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Friday, 27 May 2022

Bye-bye tap. Part 1

The PICC, sticking out of this guy's arm, provides access
to a tube which extends 42 cm into his chest cavity
and down which the chemo flows. It seems from his
expression he later faced a firing squad; not me though

When bowel cancer was diagnosed I never asked for a prognosis. There didn’t seem any point, it would be no more than some medic’s guess. And not knowing this vague date might help me ignore it. I know it sounds unlikely but this actually worked. I’d have something else on my mind and I’d notice – from facial expressions – that this form of escape wasn’t necessarily available to other members of my family.

One of the chemo nurses said they never volunteered such information but might if asked. The surgeon went some way towards a prediction but only mathematically, rating percentages against the passage of time. In fact, probability. It’s a technique politicians often use, ensuring obfuscation by missing out any exact totals. As a journalist I’ve enjoyed decades of listening to – and distrusting – politicians and fashioning my own form of the truth. But the surgeon was cleverer than the pols and I let him have his way with me.

Besides, there’ve recently been some real facts to gnaw on and they’re encouraging. It was said that the first chemo session would – probably – last six months. No guarantees, of course. Chemo has different effects on different patients. In fact that first estimate was pessimistic. Five fortnightly sessions and, for the moment, I’m done with absorbing prototoxins.. A scan is due in late July and we’ll take it from there.

Better still, on Wednesday my PICC (peripherally inserted central catheter) – a sort of tap arrangement attached to my upper arm – will be removed. Since installing this device requires demanding positional skills I had thought this would remain in situ until all was done and dusted. Not so, it seems.

Whoopee! The villa rented on the Med has a pool; I’ll be able to swim. The hols are on!


  1. Whoopee indeed! That is good news.

  2. Excellent news RR. Onwards and upwards. Regrettably I cannot say the same for Mrs. Avus where immunotherapy did not help her. She died last week.

    1. Avus, I am so very sorry for your loss.

    2. Avus: I feel I've been very lucky as your horrible news seems to confirm. I was surprised to find I was reasonably philosophical about my own situation; what disturbed me was the effect it had on VR. And now I think I have a fair idea of how you may be feeling.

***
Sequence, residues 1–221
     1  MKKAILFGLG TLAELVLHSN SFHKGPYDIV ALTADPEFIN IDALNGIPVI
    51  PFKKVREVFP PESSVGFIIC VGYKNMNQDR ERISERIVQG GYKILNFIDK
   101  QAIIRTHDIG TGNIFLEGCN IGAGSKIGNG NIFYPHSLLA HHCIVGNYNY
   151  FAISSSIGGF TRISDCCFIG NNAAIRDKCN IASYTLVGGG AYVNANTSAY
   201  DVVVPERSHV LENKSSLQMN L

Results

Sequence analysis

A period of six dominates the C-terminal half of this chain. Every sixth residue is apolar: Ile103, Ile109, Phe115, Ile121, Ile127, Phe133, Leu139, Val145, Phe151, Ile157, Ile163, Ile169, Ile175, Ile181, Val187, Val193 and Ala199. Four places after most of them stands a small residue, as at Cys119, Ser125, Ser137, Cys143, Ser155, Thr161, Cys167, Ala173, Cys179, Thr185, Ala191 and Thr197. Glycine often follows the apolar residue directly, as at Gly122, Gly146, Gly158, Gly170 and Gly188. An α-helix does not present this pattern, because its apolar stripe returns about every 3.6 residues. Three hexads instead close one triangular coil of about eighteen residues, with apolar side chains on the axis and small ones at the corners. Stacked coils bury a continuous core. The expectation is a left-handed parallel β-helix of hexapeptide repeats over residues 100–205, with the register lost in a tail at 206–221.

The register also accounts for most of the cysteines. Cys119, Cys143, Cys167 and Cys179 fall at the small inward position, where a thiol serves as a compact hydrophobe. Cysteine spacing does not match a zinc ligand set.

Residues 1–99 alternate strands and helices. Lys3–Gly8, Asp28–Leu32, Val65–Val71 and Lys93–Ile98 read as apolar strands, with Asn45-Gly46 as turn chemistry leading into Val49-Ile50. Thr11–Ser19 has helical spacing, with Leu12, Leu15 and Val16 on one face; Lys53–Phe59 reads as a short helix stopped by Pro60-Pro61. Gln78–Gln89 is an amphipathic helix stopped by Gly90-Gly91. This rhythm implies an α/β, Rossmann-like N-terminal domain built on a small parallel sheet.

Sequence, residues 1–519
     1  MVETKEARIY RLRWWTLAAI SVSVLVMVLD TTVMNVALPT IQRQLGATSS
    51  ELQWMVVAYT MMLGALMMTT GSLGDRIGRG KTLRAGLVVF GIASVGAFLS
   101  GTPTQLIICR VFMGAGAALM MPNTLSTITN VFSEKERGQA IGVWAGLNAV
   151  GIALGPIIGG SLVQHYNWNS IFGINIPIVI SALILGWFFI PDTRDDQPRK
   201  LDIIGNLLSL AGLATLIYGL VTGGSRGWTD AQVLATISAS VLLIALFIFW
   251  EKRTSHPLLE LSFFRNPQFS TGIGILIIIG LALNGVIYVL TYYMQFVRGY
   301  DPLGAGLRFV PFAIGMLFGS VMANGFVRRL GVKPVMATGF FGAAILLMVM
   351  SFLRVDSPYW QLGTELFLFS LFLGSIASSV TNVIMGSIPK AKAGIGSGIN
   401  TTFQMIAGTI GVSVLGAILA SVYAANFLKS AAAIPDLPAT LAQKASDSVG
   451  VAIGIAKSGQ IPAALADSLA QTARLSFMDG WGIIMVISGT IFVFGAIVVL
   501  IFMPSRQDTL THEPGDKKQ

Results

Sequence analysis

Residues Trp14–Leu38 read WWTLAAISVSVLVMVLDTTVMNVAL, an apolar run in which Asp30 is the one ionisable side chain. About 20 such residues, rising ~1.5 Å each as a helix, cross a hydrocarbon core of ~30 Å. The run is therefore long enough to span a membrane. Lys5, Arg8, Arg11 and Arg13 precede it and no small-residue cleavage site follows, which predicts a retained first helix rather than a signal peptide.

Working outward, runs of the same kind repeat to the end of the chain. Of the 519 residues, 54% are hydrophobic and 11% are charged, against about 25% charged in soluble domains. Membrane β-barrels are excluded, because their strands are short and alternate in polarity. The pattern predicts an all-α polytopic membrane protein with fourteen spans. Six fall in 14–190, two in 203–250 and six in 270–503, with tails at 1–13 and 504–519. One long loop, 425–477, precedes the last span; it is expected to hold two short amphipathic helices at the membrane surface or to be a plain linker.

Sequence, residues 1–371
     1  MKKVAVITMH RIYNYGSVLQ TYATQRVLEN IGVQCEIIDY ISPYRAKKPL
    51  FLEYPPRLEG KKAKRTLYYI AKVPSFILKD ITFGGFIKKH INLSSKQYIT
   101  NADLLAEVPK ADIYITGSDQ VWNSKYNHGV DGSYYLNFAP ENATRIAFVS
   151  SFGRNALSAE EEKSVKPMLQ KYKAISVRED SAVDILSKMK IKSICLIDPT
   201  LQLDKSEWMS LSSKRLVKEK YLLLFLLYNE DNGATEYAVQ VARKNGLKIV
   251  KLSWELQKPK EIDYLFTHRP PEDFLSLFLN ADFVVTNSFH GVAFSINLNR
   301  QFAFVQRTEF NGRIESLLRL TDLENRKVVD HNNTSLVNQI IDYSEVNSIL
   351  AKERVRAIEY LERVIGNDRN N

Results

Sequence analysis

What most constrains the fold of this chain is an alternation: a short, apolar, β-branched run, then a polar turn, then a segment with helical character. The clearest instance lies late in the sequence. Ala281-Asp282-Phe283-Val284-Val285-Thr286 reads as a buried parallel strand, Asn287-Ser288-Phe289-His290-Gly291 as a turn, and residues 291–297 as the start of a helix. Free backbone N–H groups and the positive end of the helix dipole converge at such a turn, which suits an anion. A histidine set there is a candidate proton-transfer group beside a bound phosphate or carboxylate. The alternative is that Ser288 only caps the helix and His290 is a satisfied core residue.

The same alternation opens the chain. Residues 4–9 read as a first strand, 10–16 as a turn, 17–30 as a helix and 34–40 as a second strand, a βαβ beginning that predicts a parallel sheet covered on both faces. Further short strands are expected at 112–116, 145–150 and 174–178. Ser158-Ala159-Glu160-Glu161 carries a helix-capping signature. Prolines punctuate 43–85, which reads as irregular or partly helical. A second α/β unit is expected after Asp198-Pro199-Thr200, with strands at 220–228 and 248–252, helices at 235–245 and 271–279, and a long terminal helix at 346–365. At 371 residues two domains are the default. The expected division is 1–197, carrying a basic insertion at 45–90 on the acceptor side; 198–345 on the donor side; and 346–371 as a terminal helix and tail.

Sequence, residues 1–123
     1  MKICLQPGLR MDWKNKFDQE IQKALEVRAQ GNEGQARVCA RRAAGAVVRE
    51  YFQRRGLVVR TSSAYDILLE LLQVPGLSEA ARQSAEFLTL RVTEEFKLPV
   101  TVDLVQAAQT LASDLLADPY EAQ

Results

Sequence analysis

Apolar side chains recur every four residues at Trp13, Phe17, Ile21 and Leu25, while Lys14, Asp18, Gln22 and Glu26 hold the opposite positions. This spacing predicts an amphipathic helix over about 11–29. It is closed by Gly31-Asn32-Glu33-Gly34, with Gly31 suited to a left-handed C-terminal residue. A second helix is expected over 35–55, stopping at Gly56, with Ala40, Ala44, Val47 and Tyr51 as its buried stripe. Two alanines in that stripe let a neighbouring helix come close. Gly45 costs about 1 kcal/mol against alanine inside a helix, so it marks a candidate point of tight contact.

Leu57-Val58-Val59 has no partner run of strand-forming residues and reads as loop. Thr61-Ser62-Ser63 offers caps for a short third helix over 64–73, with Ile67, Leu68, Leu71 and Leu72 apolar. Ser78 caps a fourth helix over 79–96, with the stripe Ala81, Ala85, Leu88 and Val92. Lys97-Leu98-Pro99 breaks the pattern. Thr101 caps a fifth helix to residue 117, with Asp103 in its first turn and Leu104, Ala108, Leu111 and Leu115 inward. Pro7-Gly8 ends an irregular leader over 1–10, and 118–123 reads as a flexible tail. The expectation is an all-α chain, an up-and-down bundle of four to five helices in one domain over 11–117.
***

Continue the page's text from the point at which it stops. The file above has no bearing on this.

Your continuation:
You and I are both of an age and both long-married. I remember the effects being married had on me way back in October 1960, that from now on I would think as two not just as one. That the bad times as well as the good times would be shared. Except - of course - this inescapable bad time when the bond is broken. Yes, there is still your daughter and she is a strong bond (as are both mine) but the loss of a spouse must be almost inexpressible - far worse than losing a limb. More like an amputation of part of your personality, or of treasured experience.

      It's at times like these that I truly detest cliché and especially that lumbering tanker wagon, condolence. A word for funeral directors not for a husband. Luckily for me our two lives have run somewhat in parallel and when I say I think I share your feelings you can be fairly assured this is the truth as I see it. The church ceremony of marriage was not my choice, as you can guess, but I realise now it was a ceremony for the future not for the argumentative egotist I was then. A public marking of something that might well prove... well, remarkable. Given your belief in traditonalism I suspect it may have meant even more to you.

      What can you do? Reflect and, where possible, recreate. Especially those occasions when you were able to overcome difficulties as a couple. That you were part of an entity that you helped fashion. That - more than anything - it was worthwhile.

    3. Thank you Robbie - your comment was very perceptive and welcome

  3. Great news. And, by the way, I particularly enjoyed this "As a journalist I’ve enjoyed decades of listening to – and distrusting – politicians and fashioning my own form of the truth. But the surgeon was cleverer than the pols and I let him have his way with me."